NewsLocal News


State health department launches color-coded COVID-19 map to show risk by county

Posted at 7:08 PM, Jul 09, 2020
and last updated 2020-07-09 23:55:05-04

OKLAHOMA CITY — The Oklahoma State Department of Health is launching a new color-coded map to identify the risk of COVID-19 throughout parts of the state.

The COVID-19 Alert System is a four-tiered risk measurement tool with corresponding color categories that identify the current COVID-19 risk level by county, according to OSDH officials.

This new COVID-19 alert system marries OSDH’s robust data reporting with additional public health steps that should be considered county by county to confront elevated risks of community spread. The color-coded system is an easy way for business owners, local leaders, and the public to know at a glance when extra precautions should be taken.
Interim Health Commissioner Lance Frye, M.D

Each color category is based on daily new cases per 100,000 population, officials said. The color-coded county map will be updated every Friday and will be based on the 7-day rolling average:

  • Green: 0 < 1.43 daily new cases per 100,000 population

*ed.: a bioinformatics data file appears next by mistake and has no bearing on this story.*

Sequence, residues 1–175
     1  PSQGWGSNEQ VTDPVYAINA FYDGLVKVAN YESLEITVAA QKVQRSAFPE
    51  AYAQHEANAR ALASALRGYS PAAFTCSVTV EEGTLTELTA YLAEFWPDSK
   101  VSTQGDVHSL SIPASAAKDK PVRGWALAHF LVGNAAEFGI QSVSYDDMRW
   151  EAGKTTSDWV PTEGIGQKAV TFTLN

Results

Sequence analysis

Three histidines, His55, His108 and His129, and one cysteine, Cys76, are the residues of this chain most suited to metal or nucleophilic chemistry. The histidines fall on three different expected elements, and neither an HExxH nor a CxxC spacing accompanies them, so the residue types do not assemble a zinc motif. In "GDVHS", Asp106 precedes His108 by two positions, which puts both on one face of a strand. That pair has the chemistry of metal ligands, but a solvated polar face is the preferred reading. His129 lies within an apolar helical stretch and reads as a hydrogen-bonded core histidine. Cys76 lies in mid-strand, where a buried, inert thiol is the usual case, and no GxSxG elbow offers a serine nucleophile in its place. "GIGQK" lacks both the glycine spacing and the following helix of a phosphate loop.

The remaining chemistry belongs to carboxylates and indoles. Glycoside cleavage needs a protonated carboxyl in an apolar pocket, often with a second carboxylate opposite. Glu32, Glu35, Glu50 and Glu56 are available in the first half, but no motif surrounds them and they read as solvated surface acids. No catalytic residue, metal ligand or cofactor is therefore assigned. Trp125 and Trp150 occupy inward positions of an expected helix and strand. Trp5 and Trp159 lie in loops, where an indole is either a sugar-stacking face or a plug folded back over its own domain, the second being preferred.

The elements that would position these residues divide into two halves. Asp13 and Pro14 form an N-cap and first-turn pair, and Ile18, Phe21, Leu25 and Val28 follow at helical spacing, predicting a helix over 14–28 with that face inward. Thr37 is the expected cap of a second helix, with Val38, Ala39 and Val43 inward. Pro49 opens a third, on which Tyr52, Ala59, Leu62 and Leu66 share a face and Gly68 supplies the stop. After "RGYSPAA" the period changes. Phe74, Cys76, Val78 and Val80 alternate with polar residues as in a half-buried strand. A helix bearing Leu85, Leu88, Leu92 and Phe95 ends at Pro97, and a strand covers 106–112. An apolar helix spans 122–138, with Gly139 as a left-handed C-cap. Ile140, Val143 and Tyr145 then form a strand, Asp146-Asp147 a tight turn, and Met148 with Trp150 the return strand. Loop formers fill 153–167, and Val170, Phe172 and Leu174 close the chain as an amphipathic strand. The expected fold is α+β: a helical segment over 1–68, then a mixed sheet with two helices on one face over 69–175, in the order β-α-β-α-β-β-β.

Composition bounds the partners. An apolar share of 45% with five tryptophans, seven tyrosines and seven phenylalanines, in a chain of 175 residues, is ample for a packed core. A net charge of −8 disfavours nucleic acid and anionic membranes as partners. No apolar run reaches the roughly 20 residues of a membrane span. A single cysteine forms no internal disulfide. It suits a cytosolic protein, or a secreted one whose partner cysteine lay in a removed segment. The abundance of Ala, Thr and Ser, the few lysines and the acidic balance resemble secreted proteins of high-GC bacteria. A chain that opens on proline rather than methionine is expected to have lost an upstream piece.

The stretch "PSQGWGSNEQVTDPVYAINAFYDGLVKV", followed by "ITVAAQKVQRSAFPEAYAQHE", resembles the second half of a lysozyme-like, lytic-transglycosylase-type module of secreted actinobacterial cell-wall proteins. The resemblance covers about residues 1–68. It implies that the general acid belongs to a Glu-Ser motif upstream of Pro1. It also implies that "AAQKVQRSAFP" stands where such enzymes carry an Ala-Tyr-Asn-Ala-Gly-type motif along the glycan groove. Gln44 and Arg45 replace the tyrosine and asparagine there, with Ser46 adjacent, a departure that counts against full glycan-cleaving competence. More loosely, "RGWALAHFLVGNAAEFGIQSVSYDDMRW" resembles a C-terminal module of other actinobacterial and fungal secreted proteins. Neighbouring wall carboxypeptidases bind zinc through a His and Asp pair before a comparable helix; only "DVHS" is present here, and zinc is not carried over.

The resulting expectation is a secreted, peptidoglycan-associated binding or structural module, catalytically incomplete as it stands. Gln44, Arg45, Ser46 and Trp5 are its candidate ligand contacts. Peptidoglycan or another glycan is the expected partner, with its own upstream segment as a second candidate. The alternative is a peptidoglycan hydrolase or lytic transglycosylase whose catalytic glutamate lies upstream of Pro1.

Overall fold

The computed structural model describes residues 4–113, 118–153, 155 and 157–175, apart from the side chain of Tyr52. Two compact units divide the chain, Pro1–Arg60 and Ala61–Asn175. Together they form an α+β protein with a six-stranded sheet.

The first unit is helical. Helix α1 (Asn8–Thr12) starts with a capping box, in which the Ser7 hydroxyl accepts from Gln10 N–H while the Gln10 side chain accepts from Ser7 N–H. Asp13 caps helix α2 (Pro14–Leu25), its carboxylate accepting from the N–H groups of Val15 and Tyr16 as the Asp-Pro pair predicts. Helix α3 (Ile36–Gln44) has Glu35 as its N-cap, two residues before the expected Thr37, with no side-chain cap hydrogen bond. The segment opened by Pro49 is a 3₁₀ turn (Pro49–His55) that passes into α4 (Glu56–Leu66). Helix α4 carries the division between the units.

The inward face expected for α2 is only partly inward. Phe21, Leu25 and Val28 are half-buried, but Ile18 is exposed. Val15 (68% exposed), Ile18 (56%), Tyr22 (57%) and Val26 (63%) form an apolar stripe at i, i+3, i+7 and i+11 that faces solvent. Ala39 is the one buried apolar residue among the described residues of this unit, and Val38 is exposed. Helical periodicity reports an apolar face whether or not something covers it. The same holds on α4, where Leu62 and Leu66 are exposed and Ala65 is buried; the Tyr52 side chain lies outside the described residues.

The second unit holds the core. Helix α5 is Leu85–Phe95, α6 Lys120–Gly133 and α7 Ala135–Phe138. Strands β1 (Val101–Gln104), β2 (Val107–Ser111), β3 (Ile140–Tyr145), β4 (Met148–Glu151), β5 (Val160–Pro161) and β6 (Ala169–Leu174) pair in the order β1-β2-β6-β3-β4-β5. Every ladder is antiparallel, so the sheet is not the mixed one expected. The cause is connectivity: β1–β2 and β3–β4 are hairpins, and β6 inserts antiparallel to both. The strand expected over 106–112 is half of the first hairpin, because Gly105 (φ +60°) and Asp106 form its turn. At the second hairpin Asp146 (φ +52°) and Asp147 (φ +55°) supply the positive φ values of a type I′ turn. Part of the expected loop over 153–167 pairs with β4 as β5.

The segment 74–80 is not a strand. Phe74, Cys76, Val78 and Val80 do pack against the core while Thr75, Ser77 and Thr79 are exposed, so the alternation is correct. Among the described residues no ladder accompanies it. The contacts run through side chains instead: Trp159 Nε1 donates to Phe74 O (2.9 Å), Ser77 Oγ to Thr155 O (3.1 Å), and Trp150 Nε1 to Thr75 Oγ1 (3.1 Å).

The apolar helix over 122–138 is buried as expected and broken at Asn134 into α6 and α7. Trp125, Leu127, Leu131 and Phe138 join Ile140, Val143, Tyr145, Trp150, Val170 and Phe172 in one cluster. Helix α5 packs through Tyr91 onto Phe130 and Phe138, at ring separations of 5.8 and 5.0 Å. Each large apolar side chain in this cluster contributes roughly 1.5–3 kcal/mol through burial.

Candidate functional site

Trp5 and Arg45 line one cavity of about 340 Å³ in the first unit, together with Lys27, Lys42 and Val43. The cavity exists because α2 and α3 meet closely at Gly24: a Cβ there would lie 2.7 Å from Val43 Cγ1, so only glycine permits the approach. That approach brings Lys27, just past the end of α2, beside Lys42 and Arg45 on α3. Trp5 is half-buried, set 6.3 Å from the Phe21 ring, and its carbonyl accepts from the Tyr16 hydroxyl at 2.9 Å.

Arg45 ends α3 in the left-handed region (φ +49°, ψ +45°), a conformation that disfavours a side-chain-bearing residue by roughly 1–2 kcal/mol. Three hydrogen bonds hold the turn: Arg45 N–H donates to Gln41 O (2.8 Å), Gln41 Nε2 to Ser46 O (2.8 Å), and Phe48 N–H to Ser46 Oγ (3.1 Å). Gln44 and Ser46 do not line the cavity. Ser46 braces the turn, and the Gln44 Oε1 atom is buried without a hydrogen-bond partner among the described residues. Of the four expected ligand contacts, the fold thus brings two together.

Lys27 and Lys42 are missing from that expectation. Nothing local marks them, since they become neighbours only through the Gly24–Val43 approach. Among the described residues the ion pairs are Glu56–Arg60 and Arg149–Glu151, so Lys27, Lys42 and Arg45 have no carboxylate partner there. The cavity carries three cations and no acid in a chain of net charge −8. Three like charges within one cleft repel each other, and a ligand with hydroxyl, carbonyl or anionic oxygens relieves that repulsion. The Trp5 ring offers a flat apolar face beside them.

• Yellow: 1.43 < 14.39 daily new cases per 100,000 population
  • Orange: > 14.39 daily new cases per 100,000 population
  • Red: > 14.39 daily new cases per 100,000 plus one of four additional gates triggered

A county will be deemed as high-risk if the county is reporting more than 14.39 daily new cases per 100,000 and one or more of the four thresholds occur in the State within a given week, according to OSDH officials.

  • Statewide ICU threshold: Percent of ICU beds available <5% statewide
  • Statewide Medical/Surgical threshold: Percent of medical surgery beds available <5% statewide
  • Statewide Ventilator threshold: Percent of ventilators available <5% statewide
  • Facility PPE threshold: Average days of PPE on hand and available < 5 days statewide

The State will work with local officials in red counties on a remediation plan.

The red phase is triggered when additionally assessing statewide health system capacity definitions, assumptions and plans in the Oklahoma Hospital Surge Planning Toolkit and with assessing numbers based on hospitals’ bed capacity at 100%, according to OSDH officials. This status indicates statewide, systemic challenges and pressures on the healthcare system due to the coronavirus.

Tulsa County is currently one of four counties in the orange "moderate risk" zone.

For more information about the new alert system, visit the state health department's website.

Stay in touch with us anytime, anywhere.

Download our free app for Apple and Android and Kindle devices.

Sign up for newsletters emailed to your inbox. Select from these options: Breaking News, Severe Weather, School Closings, Daily Headlines and Daily Forecasts.

Follow us on Twitter

Like us on Facebook